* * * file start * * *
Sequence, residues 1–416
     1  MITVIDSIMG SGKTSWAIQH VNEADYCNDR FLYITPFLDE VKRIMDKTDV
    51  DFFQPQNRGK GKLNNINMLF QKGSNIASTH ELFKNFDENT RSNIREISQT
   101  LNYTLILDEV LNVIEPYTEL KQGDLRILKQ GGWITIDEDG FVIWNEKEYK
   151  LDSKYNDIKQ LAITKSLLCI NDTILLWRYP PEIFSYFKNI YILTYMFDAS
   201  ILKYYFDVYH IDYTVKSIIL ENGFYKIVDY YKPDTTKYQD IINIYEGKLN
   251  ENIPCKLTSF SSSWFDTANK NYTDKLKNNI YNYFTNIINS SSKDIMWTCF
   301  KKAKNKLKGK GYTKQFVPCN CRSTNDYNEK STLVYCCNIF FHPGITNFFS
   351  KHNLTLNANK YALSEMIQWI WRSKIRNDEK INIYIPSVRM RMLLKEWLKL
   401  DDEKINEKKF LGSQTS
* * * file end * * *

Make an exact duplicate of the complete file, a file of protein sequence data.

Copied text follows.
Sequence, residues 1–416
     1  MITVIDSIMG SGKTSWAIQH VNEADYCNDR FLYITPFLDE VKRIMDKTDV
    51  DFFQPQNRGK GKLNNINMLF QKGSNIASTH ELFKNFDENT RSNIREISQT
   101  LNYTLILDEV LNVIEPYTEL KQGDLRILKQ GGWITIDEDG FVIWNEKEYK
   151  LDSKYNDIKQ LAITKSLLCI NDTILLWRYP PEIFSYFKNI YILTYMFDAS
   201  ILKYYFDVYH IDYTVKSIIL ENGFYKIVDY YKPDTTKYQD IINIYEGKLN
   251  ENIPCKLTSF SSSWFDTANK NYTDKLKNNI YNYFTNIINS SSKDIMWTCF
   301  KKAKNKLKGK GYTKQFVPCN CRSTNDYNEK STLVYCCNIF FHPGITNFFS
   351  KHNLTLNANK YALSEMIQWI WRSKIRNDEK INIYIPSVRM RMLLKEWLKL
   401  DDEKINEKKF LGSQTS